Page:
woman exerciseWith its fluctuating hormones, menopause and the unpleasant symptoms that often accompany it - hot flashes, difficulty sleeping and fatigue - may have you looking for the nearest sofa or easy chair. But, fight the temptation, strap on your sneakers, and get moving instead.

Cardiologist Dwithiya K. Thomas, MD, FACC of St. Luke’s Cardiology Associates, says exercise may help you feel better before and during menopause, and help you stay stronger as you age.

Whether you’ve been active all your life or just starting out, exercise will speed up your metabolism and help you sleep better. In addition, it might just help you fight another common side effect of menopause: weight gain.

But what is its effect on the symptom most commonly associated with menopause – hot flashes, also called hot flushes? Many women who experience them shy away from exercise (especially strenuous types) for fear of bringing them on, making them worse, or harming themselves by raising their body temperature too high.

“Not to worry,” Dr. Thomas says. “The body is able to regulate temperature. The fact that you’re perspiring is a good sign that your body is working as it should.” In fact, recent studies indicate exercise, such as running, biking or rowing, may actually reduce the intensity and frequency of hot flashes.

For optimal health, Dr. Thomas recommends a combination of cardiovascular exercise and weight training. Both strengthen muscles and bones, which can ease movement, reduce pain, and help prevent falls later in life.
“By the time a woman reaches 20, she begins to lose bone density,” Dr. Thomas says. “Walking, running, and using light weights can decrease this loss.”

Exercise also significantly reduces your health risk for many chronic diseases. For example, people who exercise regularly reduce their risk of cardiovascular disease by 40 percent and stroke by 30 percent. It also dramatically reduces your risk of developing diabetes, she says.

Although it seems counter-intuitive, exercise may also relieve pain and discomfort caused by arthritis. But it depends on the person. “Individuals with severe arthritis and bone loss need to use caution to prevent injury or falls,” she said. “If they are experiencing active inflammation, they may want to hold off until it clears or participate in a non-weight bearing activity like swimming.”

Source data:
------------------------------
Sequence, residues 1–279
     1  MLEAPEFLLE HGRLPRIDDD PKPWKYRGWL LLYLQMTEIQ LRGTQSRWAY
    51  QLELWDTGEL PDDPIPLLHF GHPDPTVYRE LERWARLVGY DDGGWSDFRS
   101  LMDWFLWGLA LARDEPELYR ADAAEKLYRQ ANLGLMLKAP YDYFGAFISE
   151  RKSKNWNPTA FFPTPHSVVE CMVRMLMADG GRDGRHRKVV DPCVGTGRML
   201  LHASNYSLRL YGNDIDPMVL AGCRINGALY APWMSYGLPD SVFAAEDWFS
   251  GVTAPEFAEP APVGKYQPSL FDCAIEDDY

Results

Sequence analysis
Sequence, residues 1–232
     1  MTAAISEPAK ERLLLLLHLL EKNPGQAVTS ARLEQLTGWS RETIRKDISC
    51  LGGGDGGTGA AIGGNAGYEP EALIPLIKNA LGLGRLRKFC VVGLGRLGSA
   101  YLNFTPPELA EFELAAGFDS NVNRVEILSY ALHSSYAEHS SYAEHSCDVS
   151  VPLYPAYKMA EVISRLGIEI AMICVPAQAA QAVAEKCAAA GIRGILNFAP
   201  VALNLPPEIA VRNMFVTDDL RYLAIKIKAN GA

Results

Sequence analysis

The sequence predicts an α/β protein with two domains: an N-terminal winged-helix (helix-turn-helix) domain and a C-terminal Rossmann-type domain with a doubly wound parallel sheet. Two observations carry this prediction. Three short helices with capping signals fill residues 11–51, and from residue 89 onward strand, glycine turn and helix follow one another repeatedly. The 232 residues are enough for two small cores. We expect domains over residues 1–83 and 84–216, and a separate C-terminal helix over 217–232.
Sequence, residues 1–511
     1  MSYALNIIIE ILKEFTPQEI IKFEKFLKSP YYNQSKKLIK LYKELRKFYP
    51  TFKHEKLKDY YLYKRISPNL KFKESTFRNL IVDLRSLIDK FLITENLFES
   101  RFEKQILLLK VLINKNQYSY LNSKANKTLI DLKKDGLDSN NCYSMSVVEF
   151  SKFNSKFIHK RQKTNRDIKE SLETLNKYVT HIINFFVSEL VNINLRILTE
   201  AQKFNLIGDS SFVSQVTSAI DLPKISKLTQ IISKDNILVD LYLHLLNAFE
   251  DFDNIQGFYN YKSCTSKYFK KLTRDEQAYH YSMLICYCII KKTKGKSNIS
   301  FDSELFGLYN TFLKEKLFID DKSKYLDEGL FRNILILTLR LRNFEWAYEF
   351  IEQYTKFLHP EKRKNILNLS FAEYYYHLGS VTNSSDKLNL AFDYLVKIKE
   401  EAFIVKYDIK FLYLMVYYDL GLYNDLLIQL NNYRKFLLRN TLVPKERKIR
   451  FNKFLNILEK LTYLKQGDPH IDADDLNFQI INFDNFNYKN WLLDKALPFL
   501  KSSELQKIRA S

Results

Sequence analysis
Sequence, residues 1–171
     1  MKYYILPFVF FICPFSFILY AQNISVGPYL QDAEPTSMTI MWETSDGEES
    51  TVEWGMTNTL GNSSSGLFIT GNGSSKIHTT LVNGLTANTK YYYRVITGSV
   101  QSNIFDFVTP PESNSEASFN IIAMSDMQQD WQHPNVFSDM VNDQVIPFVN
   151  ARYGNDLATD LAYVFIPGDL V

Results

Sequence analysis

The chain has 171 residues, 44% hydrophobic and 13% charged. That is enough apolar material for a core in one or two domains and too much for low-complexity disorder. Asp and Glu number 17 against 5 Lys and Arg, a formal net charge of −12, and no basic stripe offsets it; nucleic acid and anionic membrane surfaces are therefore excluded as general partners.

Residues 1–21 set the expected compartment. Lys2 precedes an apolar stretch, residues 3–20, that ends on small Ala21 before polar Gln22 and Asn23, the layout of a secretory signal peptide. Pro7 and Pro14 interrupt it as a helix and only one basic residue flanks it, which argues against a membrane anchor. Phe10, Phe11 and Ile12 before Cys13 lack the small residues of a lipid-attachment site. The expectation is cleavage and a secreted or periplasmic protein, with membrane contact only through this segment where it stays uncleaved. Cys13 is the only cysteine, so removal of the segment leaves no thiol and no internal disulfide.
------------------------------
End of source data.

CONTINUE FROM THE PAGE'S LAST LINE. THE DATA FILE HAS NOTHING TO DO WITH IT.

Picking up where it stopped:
Similarly, people who have never exercised before might want to talk with their physician first, especially if they have heart disease or another chronic illness. Their doctor might want to give them specific instructions.

“I’ll give some of my patients a prescription of what to do,” she says. “For example, I might say walk for 10 minutes a day, three days a week and steadily increase the amount of time and frequency. When I see you again in six weeks, I want you to have worked up to 25 minutes a day, five times a week. By having a prescription, you can hold them accountable to it.”

Dr. Thomas encourages her patients to continue exercise long after their menopausal symptoms subside. “There’s no age when you should stop exercising,” she says. “I’ve seen some 90 plus year-olds still keeping up with their walking programs.”

More Health Articles

  • What’s a Geriatric Assessment?

    “The secret of staying young is to live honestly, eat slowly, and lie about your age.” -- Lucille Ball Lucy seldom gave good advice. Each episode when Ricky, Ethel, or Fred took her advice, they...

  • Advice for Staying Healthy

    Today, more than 72,000 Americans have reached the age of 100 and that exclusive club is growing. Between 2000 and 2016, the percentage of centenarians increased by more than 43 percent. Whether you aspire...

  • Benefits Of Eating Local Foods

    There are more and more farmers and growers markets in our area. We would do well to take advantage of our locally grown foods. While it is obvious that it helps to eat well and to help our local...

  • Benefits of Playing an Instrument

    Scientists have measured music’s effect on brain activity. While functions like math and reading affect specific parts of the brain, listening to music sets off multiple areas of the brain. But the...

  • Best Tips for Living Healthy

    Today, more than 72,000 Americans have reached the age of 100 and that exclusive club is growing. Between 2000 and 2016, the percentage of centenarians increased by more than 43 percent. Whether you...

  • Caution When Taking OTC Medications

    Over-the-counter medications (OTC’s) are medications that can be obtained without a prescription.  Keep in mind that they are still medications; therefore, they may cause side effects and drug...

 
Contact Us

Please enter your data here. Fields with an asterisk (*) are required.
Please provide us with a phone number or email so we may respond to your request.
Full Name (*)

Please type your full name.
E-mail

Invalid email address.
Phone

Invalid Input- please enter in form: 123-456-7890
How may we be of service? (*)

Please tell us how big is your company.
Please enter the characters shown. (*)
Please enter the characters shown.
Refresh
Invalid Input